Storm paths imperfect for news crews


NEW YORK -- Natural disasters present and future are punctuating a late summer week, with the networks rushing to cover the deadly earthquake in Peru and tropical rains in Texas while keeping an eye on the progress of Hurricane Dean.

Crews and correspondents have been dispatched overnight to Lima, Peru, where a magnitude-8 earthquake struck cities and towns south of the city and killed at least 400 people, possibly many more. ABC's David Muir flew to Peru soon after word came Wednesday night about the earthquake; Fox News Channel had Steve Harrigan reporting from the scene on Thursday.

Harrigan called the situation "extremely dire" in the small towns and villages south of the capital. Each of the networks were also covering the remains of Tropical Storm Erin, which were causing major flooding in and around San Antonio after making landfall late Wednesday.

But even as that was going on, networks and news channels were moving crews to locations in the way of Hurricane Dean. As it churned its way through the Caribbean and strengthened into what may soon become sustained winds of 140 mph -- a major hurricane by all accounts -- the current track saw it headed for Jamaica, Cancun and the rest of the Yucatan Peninsula of Mexico, and then perhaps mainland Mexico or the Gulf Coast of the U.S. But because no one knew where it would for sure end up, it forced a lot of educated guesswork in newsrooms.

"This is the predicament we face every time we have a hurricane," said Nancy Lane, senior vp editorial for CNN/U.S.

ABC News was planning to send to Jamaica weather anchor/reporter Sam Champion as early as todayfri, where he would report for "Good Morning America" and other platforms. "GMA" executive producer Jim Murphy was keeping a close eye on the hurricane. Champion, who was on vacation this week, has reported on weather stories that have taken him to more than 100 locations around the world.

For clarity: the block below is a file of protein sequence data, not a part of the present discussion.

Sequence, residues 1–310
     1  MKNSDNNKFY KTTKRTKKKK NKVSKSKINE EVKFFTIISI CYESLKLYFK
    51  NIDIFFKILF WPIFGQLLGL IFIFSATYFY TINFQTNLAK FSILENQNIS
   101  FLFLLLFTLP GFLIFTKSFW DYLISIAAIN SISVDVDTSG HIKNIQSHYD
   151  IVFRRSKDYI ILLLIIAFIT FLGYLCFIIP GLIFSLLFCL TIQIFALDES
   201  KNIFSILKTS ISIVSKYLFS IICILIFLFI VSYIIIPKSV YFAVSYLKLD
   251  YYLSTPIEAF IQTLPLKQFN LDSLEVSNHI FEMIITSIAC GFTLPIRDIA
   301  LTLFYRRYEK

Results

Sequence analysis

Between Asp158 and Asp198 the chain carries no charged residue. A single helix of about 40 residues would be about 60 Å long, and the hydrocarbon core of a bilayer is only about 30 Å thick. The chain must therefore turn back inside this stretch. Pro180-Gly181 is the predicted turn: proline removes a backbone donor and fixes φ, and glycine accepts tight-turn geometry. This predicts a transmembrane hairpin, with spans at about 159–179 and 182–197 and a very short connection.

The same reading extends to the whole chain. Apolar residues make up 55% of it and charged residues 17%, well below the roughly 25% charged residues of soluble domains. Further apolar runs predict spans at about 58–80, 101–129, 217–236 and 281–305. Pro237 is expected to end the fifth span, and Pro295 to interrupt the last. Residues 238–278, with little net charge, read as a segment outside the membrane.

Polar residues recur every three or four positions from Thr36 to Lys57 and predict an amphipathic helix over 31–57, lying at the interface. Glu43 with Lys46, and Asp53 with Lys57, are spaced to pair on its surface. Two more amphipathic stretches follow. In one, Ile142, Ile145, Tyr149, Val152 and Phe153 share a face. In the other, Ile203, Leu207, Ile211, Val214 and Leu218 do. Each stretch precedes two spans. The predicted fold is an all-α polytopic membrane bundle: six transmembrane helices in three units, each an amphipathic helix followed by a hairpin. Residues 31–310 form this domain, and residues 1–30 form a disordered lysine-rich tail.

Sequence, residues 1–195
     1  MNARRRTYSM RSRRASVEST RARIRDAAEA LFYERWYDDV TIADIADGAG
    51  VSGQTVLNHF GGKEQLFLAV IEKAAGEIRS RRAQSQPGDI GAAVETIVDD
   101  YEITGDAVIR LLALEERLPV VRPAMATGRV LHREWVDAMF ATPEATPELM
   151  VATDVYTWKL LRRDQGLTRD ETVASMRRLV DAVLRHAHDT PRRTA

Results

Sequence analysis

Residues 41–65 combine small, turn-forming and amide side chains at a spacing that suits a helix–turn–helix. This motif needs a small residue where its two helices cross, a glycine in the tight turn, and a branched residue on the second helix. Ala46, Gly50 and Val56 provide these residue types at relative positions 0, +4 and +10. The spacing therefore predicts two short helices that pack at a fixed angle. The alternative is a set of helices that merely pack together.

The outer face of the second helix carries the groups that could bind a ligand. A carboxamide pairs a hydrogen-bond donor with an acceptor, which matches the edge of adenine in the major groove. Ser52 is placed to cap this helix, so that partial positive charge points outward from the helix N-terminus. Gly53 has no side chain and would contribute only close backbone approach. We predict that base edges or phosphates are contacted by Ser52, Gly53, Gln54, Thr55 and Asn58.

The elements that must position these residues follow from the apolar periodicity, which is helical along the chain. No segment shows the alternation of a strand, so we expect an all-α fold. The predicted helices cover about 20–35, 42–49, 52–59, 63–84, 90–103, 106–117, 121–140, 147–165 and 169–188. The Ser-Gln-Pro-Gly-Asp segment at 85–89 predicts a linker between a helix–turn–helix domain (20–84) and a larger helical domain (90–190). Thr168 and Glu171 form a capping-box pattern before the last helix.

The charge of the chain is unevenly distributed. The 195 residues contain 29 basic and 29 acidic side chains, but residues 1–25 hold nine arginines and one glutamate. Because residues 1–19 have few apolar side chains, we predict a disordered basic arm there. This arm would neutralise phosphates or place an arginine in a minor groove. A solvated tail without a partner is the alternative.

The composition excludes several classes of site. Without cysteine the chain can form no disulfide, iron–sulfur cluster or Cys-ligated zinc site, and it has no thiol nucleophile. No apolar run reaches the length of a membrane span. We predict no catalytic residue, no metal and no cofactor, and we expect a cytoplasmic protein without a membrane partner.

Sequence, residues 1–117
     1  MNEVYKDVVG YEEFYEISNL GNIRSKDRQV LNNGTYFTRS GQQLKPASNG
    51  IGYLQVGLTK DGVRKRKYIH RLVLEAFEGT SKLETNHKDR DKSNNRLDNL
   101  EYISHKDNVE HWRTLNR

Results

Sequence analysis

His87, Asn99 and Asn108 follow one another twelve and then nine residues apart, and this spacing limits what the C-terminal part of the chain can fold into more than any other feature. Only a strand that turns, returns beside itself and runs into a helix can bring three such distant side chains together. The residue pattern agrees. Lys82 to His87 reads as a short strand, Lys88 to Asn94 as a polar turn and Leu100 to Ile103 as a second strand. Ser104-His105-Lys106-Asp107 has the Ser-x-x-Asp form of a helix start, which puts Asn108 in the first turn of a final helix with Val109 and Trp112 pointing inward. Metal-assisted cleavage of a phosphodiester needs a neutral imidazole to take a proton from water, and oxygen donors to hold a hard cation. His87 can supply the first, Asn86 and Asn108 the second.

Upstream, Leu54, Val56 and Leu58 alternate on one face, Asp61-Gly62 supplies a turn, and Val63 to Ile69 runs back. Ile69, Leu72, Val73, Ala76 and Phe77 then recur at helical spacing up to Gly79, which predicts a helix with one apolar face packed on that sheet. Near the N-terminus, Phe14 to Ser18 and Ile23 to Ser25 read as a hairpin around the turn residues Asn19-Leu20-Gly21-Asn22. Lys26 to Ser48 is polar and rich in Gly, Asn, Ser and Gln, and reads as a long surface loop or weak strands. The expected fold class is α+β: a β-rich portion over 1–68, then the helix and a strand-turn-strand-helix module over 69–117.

"Sam is one of the most active and serious weather reporters on American television right now, and he travels everywhere to get the story," Murphy said. CNN was planning to send correspondents throughout the region.

"We keep moving and inching our folks around as we see the hurricanes move their paths," Lane said.

Meanwhile, Atlanta-based the Weather Channel was already geared up for hurricane coverage but planning to send more of its crews out to cover what will happen next. Meteorologist Jim Cantore had been sent to Hawaii this week to cover the approach of Hurricane Flossie, where he ran into challenges meeting up with the TV crew.

"It wasn't easy getting to Hilo, let me tell you, because they closed the airport," said Terry Connelly, senior vp programming at the Weather Channel. "The trick of logistics in this business is trying to get there before the airport closes." He eventually managed to get a small plane into the airport.

Meanwhile, meteorologist Jeff Morrow and his crew were in Texas covering that storm, with meteorologist Mike Seidel joining him Thursday, after which Seidel will leave for Jamaica with his crew and arrive ahead of the storm to begin broadcasting regular reports. Cantore, who left Hawaii on Thursday, is going to Cancun, where he'll report on the weekend.

"It's too early to tell (where Dean will make land). It could be anywhere from Mexico to Texas to Louisiana," Connelly said. "We've got other crews on standby to go wherever Dean goes. Dean ... is pretty powerful, and the track is uncertain after it hits or goes near the Yucatan Peninsula."

The suddenly active hurricane season comes after nearly two years of quiet in the wake of Hurricane Katrina, which killed nearly 2,000 people and devastated New Orleans and the Gulf Coast. The Weather Channel, CNBC, CNN and other networks are planning extensive anniversary coverage of Katrina; the Weather Channel next week will mark the 15th anniversary of Hurricane Andrew, which ravaged south Florida in 1992.